Categories
Treatment

Homeopathy

Homeopathy as a treatment has existed for more than 200 years and is gaining greater acceptance in many countries, particularly the United States. It was developed and put into practice by a German physician – Samuel Hahnemann. Since the days of Queen Victoria of Great Britain and till today an attending physician of the royal family is traditionally a homeopath.

The difference of homeopathic remedies from traditional drugs is incorporated in the name of “homeopathy” (homois – like, pathos – sickness, suffering). The basic principle of homeopathy is the similarity between a cure and an illness.

The treatment of a disease requires application of small amounts of substances that in large doses cause a healthy person to suffer phenomena with similar clinical presentation (i.e., complaints and symptoms) of a patient.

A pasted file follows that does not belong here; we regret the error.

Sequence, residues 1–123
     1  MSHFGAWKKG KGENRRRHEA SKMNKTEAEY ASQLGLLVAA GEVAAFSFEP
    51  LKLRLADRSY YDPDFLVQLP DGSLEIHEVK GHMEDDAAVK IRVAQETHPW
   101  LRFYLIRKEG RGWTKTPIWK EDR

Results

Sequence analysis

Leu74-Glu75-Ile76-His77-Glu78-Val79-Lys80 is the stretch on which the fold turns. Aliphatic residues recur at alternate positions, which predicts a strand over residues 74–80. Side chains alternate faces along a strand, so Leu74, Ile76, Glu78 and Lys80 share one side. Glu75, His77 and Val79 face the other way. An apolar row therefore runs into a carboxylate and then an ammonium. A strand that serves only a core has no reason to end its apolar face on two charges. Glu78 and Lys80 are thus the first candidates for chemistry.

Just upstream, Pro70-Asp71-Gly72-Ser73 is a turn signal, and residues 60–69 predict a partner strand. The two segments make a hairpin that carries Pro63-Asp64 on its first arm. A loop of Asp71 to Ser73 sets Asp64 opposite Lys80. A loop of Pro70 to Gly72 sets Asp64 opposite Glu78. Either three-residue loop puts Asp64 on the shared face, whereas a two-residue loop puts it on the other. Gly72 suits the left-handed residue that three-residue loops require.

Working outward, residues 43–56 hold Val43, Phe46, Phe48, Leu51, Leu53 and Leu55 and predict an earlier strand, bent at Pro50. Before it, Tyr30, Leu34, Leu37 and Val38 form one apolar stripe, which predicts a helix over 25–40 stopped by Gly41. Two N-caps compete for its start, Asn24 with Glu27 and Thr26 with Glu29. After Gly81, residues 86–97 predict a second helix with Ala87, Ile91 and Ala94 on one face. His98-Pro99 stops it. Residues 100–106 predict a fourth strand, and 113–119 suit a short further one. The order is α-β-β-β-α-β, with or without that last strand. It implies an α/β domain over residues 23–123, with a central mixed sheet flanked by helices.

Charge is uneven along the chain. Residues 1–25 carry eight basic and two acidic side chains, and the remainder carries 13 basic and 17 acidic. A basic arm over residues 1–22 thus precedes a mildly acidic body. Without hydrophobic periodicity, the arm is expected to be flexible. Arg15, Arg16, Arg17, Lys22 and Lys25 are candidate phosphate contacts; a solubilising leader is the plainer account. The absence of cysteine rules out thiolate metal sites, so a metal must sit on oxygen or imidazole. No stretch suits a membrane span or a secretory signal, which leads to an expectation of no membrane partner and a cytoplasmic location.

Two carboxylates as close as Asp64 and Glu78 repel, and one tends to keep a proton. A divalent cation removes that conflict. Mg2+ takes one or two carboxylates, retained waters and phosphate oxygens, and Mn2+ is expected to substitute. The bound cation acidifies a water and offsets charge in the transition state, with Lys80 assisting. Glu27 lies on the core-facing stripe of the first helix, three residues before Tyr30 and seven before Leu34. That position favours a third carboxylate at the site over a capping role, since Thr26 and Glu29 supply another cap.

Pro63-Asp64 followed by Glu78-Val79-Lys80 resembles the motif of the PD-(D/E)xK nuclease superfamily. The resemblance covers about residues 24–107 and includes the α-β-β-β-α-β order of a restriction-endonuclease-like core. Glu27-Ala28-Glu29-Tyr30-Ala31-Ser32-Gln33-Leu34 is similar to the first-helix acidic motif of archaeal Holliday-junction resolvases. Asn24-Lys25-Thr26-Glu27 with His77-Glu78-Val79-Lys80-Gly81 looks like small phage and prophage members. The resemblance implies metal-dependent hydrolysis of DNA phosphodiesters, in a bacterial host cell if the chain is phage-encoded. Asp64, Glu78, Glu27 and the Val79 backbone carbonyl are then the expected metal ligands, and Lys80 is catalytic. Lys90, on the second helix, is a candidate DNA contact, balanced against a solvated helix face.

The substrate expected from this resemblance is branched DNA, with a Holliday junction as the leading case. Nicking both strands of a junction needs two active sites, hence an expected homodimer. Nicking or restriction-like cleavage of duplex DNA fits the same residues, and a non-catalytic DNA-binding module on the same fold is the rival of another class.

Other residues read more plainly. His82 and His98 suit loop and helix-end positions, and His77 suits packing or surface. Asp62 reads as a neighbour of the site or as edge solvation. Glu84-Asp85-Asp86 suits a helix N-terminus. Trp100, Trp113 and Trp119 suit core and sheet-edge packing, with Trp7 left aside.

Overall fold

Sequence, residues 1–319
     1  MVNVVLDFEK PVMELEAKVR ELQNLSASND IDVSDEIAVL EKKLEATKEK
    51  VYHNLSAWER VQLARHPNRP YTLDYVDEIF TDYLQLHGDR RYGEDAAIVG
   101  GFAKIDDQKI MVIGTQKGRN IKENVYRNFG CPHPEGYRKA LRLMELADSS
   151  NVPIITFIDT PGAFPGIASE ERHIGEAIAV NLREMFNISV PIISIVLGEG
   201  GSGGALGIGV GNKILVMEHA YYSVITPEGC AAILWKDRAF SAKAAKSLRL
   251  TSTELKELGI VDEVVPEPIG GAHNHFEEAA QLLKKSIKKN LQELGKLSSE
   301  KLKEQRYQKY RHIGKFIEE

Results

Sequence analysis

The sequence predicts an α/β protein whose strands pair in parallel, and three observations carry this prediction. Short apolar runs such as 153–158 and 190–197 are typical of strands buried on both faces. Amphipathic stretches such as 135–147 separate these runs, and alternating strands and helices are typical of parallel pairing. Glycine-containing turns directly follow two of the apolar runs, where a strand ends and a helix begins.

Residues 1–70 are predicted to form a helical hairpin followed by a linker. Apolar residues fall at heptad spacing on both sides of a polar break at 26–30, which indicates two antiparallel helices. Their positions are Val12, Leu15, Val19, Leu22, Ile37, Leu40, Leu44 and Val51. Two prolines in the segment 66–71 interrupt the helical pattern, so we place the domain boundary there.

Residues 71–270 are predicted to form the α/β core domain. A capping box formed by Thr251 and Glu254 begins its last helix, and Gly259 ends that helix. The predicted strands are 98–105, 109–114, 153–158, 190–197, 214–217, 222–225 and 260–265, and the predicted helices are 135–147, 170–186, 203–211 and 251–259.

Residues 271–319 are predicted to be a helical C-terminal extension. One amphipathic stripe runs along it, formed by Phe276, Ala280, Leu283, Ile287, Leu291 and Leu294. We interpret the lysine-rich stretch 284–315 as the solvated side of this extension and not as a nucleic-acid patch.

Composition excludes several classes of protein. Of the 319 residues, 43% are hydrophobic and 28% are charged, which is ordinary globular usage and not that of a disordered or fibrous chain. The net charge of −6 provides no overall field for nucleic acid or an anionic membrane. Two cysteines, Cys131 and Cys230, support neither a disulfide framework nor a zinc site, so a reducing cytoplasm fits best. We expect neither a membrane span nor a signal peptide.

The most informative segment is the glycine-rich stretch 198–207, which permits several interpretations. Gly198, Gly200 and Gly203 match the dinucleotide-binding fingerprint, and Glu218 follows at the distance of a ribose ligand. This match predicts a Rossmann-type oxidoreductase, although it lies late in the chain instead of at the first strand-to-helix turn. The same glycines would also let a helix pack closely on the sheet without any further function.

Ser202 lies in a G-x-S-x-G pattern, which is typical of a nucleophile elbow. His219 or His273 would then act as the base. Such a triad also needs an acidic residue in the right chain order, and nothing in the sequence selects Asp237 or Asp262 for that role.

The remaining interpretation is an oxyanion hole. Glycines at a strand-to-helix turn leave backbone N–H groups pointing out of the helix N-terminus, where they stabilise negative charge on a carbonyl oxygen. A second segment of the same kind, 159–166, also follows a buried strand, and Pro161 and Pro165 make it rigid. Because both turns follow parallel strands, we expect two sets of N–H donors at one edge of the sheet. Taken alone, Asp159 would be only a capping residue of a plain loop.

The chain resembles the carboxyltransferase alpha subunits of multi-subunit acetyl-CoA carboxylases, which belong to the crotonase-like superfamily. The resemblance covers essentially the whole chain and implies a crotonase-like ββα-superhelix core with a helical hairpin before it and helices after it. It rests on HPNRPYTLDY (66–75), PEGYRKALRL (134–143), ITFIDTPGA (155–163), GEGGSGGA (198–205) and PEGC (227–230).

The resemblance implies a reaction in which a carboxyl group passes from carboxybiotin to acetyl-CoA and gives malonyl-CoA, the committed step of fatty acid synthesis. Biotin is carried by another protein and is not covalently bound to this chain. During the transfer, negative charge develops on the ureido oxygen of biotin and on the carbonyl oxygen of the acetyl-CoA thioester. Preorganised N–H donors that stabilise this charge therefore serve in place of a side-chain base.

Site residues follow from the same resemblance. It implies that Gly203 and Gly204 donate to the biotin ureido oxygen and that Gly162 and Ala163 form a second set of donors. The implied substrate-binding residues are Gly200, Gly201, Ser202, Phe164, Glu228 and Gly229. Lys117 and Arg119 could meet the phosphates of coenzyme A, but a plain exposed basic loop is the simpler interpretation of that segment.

Here is a simple example: when people cut onions, their eyes tear and suffer a running nose – in short, it is the same effect as a cold or an allergic reaction. By deriving medicines from onions, homeopaths successfully treat a common cold, allergic rhinitis and conjunctivitis. This is the principle of similarity.

Homeopathy does not seek to replace conventional antibiotics, sulfonamides and other anti-inflammatory drugs, but offer a complementary approach to preventing and healing illness.

How It Works

A specially trained pharmacist is responsible for preparing homeopathic medicines. They combine one part of a starting material and 99 parts of solvent – distilled water or alocohol. This is the first dilution. Then, one part of the first dilution is combined with 99 parts of a new solvent. Such a process is repeated multiple times. Homeopathic medicines are issued in dilution (potency) in the form of granules, drops or tablets. A dose is assigned individually and may change during treatment.

As supplements, they are usually taken 15-20 minutes before a meal or 1 hour after a meal. In acute conditions, a frequent intake (every 10-30 minutes) may be prescribed. Treatment duration, frequency and amount depend on the dynamics of the condition being treated.